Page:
I think BB-8 is fantastic but I don’t have his personality pinned down. I only remember him giving Finn the thumbs up flame. Adorable. Although, some people I know think BB-8 was giving Finn the finger. Weigh in fellow nerds, what do you think? Thumbs up or no? Is the solution that I re-watch The Force Awakens yet again so I can answer all the tough questions?! I think probably yes.
Anyway, I do have a few tips if you’re interested in attempting this for a May the 4th or other Star Wars related festivity. It’s easiest if you have a cake pans with removable bottoms. If not, cut 2-4 long strips of parchment paper and line them across the bottom of your pan so they can be used as hoists in the end. When it comes to the template it worked fine printing on regular paper, but if you want something sturdier feel free to use card stock. When you print, make sure to choose “actual size” instead of “fit to page.” If you choose fit to page, then the template might be slightly smaller than your BB-8 orange bars. And finally you can use scissors, but I found greater accuracy when I place the template on a cutting board and using a sharp knife.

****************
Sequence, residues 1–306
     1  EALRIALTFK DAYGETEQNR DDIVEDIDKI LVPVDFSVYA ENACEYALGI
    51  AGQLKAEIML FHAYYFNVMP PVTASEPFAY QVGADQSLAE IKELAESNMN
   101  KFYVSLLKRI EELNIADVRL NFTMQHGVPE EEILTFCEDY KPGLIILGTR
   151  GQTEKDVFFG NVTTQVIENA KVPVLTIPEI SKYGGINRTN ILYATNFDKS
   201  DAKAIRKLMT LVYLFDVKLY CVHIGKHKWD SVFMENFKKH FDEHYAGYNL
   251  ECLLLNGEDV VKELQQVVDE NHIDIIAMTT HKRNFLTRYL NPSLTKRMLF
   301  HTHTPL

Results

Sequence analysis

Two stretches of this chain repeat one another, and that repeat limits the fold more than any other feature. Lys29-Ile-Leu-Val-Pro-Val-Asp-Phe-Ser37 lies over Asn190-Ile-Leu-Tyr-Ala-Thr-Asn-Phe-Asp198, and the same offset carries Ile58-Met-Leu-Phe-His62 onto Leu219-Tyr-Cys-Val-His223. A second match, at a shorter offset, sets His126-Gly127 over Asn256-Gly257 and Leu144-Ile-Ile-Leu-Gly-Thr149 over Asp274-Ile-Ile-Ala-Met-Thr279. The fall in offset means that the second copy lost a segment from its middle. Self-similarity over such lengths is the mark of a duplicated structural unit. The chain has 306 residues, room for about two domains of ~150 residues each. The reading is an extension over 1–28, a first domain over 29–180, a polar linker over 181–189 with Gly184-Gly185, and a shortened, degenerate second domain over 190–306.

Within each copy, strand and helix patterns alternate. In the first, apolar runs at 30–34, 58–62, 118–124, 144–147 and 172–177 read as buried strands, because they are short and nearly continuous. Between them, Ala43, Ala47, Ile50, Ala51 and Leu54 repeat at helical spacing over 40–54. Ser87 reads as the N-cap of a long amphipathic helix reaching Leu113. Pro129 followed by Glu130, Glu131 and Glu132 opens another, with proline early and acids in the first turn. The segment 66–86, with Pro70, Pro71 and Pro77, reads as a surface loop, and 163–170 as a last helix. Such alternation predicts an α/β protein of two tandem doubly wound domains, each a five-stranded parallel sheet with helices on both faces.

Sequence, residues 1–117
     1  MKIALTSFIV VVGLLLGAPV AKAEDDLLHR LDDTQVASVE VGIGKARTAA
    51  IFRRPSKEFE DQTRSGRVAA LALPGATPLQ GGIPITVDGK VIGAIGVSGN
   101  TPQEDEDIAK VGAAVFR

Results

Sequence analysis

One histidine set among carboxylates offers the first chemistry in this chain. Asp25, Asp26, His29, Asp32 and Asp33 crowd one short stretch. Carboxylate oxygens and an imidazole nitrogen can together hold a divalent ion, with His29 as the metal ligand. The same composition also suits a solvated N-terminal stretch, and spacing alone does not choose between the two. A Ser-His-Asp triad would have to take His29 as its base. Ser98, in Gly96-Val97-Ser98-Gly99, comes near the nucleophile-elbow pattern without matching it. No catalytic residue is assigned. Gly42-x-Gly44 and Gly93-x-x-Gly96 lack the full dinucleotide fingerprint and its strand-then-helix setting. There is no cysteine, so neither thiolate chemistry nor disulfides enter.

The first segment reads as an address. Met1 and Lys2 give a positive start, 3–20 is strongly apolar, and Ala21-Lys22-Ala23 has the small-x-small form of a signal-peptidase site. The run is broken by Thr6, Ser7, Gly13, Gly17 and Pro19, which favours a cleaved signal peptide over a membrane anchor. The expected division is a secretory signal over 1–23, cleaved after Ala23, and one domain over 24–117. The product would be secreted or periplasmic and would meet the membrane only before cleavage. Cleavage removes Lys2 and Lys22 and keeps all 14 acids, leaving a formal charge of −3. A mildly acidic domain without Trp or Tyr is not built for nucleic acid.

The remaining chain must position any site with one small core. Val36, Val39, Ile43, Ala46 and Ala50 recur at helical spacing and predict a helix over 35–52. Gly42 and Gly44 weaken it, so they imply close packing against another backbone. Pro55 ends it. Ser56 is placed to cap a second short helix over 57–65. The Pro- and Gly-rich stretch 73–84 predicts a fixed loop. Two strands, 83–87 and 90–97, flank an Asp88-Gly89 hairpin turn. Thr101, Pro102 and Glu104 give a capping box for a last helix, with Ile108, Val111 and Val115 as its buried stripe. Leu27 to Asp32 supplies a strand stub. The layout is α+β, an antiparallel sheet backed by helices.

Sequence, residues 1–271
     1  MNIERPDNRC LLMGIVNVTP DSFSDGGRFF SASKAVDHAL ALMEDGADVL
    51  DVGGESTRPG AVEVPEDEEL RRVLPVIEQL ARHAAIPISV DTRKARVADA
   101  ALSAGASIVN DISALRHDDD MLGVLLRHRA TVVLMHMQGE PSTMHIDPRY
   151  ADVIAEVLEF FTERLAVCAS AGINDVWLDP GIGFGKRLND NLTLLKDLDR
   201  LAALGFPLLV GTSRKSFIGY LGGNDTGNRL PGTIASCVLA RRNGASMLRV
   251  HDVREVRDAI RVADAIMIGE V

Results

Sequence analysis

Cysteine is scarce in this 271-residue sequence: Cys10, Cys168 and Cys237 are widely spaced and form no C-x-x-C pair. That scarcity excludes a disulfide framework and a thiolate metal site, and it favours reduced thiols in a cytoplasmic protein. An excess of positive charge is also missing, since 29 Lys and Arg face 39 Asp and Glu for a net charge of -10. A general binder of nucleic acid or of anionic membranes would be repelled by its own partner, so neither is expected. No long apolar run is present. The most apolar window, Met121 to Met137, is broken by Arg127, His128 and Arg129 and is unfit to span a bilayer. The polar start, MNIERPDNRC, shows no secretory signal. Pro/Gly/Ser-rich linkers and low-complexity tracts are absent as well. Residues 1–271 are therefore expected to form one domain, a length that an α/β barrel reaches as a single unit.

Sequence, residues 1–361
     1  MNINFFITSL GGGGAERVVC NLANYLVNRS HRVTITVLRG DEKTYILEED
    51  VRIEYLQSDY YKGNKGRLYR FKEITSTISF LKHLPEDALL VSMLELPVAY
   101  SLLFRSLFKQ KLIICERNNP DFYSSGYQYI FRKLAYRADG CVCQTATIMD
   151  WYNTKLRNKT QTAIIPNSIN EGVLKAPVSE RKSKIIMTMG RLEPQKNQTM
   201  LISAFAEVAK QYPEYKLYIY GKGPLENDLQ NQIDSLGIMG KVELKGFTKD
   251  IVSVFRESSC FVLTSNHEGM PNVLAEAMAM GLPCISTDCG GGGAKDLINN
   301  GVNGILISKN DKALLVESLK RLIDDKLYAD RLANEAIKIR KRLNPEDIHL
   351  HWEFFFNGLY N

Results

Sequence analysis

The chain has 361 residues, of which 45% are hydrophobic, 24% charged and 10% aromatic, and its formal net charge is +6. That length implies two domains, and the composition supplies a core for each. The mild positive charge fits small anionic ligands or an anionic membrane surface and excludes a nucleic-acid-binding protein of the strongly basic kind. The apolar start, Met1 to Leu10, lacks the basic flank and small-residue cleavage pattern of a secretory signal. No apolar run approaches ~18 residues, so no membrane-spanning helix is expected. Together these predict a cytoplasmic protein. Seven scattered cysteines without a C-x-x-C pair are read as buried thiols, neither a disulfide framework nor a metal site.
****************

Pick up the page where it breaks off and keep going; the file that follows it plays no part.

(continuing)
This recipe is adapted from Hummingbird High. The original recipe is for a 9×13 pan. This is important for two reasons. First, it will make pretty thick crust in the two circular cake pans. Feel free not to use all the crust crumbs you make if you’d like something thinner. Second, you can make this recipe in that normal rectangular pan and you’ll have a light, citrusy recipe you can use all year. Although, why use a plain recipe when you could make one fit for a galaxy far far away. Any excuse for more Star Wars I always say.
Free Printable BB-8 Templates:
BB8 Stencil Letter (For American users)
BB8 Stencil A4 (For European users)
Messy level: Dusting powdered sugar is always messy, we expect that. And for me so is mixing flour. It gets on the flour, I know it. The surprising mess comes from zesting oranges. There’s just so much oil and juice that I find it sprays everywhere and can give things a slightly orangey hue (including my fingers).